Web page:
25 June 1999. The complainant is represented by counsel, Wolfgang Kaleck, of the European
Centre for Constitutional and Human Rights.
On 17 May 2017, the State party requested that the admissibility of the complaint be
examined separately from the merits. On 6 March 2018, the Committee decided, in
accordance with rule 115, paragraph 3, of its rules of procedure, to examine the admissibility
of the complaint together with its merits.
The facts as submitted by the complainant
The complainant submits that he was detained in the military base of the United States
of America at Guantanamo Bay, Cuba, between 15 February 2002 and 25 April 2005. The
complainant explains that during his detention he was subjected to various acts of torture and
ill-treatment, such as: physical violence, including beatings on his head with metal chairs,
against the back of his neck, and with sticks on his hands and feet, as well as having his head
banged against a wall and the floor; psychological abuse, such as death threats, humiliation,
and allegations about his sexual behaviour; sensory deprivation through blindfolding,
exposure to extreme temperatures, stress positions, exposure to loud music, and sleep
deprivation. The complainant explains that as a result of this situation, he suffered and
continues to suffer from chronic post-traumatic stress disorder as well as paranoia and other
psychotic symptoms.1
The complainant submits that the detention centre at Guantanamo Bay was intended
to be a facility beyond the reach of the law and that the detention programme was orchestrated
by senior United States government officials.
The complainant explains that during his detention at Guantanamo Bay he was held
without charge, he was never told why he was being detained, and he did not know when or
whether he would be released. He further explains that he was never medically examined
during the whole period of his detention and that the five letters he received from his family
had all been heavily censored.
The complainant submits that a Belgian Federal Police liaison officer named Luc
Clareboets came to see him at Guantanamo Bay on 16 and 17 April 2002.2 From April 2002
onwards, Mr. Clareboets, as well as national magistrate Hilde Van der Voorde, knew about
the complainant’s detention at Guantanamo Bay and participated in his interrogations.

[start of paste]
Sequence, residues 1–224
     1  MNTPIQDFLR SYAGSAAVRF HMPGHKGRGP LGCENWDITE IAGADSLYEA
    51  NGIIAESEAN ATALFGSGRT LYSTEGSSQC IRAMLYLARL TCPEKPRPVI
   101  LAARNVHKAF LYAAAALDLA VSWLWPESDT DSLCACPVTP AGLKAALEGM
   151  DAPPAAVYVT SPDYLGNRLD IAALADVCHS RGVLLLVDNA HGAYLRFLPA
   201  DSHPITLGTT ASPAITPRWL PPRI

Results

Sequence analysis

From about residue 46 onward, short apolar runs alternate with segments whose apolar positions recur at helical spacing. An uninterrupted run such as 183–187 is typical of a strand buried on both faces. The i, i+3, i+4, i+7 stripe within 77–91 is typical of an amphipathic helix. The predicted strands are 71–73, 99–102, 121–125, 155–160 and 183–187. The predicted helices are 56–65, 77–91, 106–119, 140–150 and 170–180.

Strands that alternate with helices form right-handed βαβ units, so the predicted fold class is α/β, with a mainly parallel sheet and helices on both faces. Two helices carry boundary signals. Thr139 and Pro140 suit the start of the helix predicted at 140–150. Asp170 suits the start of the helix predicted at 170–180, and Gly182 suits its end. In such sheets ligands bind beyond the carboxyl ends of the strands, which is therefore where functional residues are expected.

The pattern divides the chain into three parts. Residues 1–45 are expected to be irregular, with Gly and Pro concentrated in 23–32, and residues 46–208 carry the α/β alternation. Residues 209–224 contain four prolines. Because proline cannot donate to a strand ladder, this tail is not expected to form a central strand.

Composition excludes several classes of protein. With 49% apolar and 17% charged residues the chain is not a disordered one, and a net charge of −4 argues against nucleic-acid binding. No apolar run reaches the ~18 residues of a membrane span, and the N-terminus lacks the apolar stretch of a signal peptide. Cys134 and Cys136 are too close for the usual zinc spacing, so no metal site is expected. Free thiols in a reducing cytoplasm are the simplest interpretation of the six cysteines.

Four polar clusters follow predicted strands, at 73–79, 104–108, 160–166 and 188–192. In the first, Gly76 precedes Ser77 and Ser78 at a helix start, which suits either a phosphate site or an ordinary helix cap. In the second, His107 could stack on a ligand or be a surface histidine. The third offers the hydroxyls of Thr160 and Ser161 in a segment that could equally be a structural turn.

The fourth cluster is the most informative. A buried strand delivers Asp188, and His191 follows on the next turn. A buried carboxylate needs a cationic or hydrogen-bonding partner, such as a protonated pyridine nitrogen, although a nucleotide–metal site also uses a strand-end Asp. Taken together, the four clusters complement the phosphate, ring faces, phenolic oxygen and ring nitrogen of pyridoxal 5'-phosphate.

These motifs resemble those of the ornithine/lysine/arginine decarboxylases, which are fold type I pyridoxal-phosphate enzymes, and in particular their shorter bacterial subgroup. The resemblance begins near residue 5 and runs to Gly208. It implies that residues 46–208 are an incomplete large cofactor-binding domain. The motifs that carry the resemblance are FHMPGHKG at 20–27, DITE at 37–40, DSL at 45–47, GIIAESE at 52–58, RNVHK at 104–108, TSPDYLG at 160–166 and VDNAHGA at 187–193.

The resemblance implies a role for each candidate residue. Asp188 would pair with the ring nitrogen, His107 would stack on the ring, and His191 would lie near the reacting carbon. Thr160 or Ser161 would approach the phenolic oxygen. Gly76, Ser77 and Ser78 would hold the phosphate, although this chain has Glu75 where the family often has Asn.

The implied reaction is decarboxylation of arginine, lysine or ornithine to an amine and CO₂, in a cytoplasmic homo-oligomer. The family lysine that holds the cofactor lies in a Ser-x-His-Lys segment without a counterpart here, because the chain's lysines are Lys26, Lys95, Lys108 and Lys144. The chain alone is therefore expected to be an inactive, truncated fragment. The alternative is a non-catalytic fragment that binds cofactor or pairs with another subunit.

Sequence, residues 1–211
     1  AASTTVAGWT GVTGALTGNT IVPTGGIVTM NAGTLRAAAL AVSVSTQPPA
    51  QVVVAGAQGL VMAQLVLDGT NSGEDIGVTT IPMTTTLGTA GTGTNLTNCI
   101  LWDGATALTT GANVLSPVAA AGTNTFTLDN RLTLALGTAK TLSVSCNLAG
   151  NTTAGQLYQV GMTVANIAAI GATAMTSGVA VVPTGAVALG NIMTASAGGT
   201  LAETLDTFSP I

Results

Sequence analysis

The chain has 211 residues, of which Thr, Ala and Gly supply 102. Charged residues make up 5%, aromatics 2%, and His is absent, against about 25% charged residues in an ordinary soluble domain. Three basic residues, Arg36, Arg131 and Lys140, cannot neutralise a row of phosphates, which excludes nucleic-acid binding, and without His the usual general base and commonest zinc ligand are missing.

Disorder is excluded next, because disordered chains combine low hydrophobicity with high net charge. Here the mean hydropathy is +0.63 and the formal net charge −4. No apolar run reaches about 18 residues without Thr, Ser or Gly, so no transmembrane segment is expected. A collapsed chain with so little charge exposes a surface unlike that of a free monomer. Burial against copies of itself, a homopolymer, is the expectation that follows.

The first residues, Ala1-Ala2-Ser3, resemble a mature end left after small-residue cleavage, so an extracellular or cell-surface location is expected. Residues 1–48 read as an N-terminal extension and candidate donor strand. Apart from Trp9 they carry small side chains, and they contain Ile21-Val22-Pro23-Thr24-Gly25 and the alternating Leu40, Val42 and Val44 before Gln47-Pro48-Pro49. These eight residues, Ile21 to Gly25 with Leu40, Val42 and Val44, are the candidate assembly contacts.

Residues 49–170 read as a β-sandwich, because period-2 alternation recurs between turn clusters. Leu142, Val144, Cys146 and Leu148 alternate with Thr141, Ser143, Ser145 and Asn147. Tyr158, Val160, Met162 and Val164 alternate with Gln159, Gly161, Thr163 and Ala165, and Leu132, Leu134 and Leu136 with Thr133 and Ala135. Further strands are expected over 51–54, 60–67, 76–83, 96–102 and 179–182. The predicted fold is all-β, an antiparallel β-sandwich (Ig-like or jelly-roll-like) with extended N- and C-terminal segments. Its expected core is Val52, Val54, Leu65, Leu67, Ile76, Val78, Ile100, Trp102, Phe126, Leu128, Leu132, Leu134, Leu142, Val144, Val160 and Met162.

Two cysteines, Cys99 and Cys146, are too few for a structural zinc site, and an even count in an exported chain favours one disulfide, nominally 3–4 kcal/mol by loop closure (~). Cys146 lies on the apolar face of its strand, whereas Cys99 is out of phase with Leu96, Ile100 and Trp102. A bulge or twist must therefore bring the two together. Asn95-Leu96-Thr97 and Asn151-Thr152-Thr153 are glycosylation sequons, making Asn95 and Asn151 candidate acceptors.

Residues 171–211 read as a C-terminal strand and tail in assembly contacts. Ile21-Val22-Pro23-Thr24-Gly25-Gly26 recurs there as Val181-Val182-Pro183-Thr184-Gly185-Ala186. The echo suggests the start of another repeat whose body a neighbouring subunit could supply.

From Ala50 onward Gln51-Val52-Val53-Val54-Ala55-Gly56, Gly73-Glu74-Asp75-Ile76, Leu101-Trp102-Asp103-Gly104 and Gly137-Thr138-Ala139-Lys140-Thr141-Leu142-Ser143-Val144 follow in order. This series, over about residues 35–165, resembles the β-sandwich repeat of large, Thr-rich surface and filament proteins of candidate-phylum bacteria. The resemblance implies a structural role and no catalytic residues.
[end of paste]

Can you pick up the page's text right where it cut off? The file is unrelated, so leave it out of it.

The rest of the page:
The complainant submits that his lawyer contacted the Belgian Ministry of Foreign
Affairs and the Belgian State Security Services repeatedly requesting information about the
circumstances of the complainant’s detention. The complainant’s lawyer also requested the
Belgian authorities to request the United States to transfer the complainant to Belgium, and
denounced the complainant’s lack of access to a lawyer and the impossibility for him to
contact his family.
On 3 December 2002, and on 16 and 19 February 2004, Mr. Clareboets interrogated
the complainant at Guantanamo Bay with the consent of the Belgian Federal Prosecutor’s
Office. The complainant submits that the Belgian authorities shared unverified incriminating
information about him with the United States authorities.3
The complainant submits that on 25 April 2005, he was finally released by the United
States authorities from the naval base at Guantanamo Bay and returned to Belgium. 4 Upon
his arrival, he was put under arrest and brought before an investigative judge, Daniel Fransen,
and was interrogated for the entire night by the Federal Prosecutor’s Office without being
informed about his rights. On 26 April 2005, Judge Fransen ordered his conditional release.




The complainant includes a psychiatric report by Dr. Audenart, dated 18 June 2010.
The complainant explains that on 7 February 2002 the Belgian Crown Prosecutor was informed by
the Belgian Federal Police Force that the complainant had been detained in Kandahar, Afghanistan,
under United States authority.
The complainant includes a letter from the Belgian State Security Services, dated 28 March 2003.
The complainant includes the agreement of release between the United States authorities and M.Z.,
dated 20 April 2005.

Select target paragraph3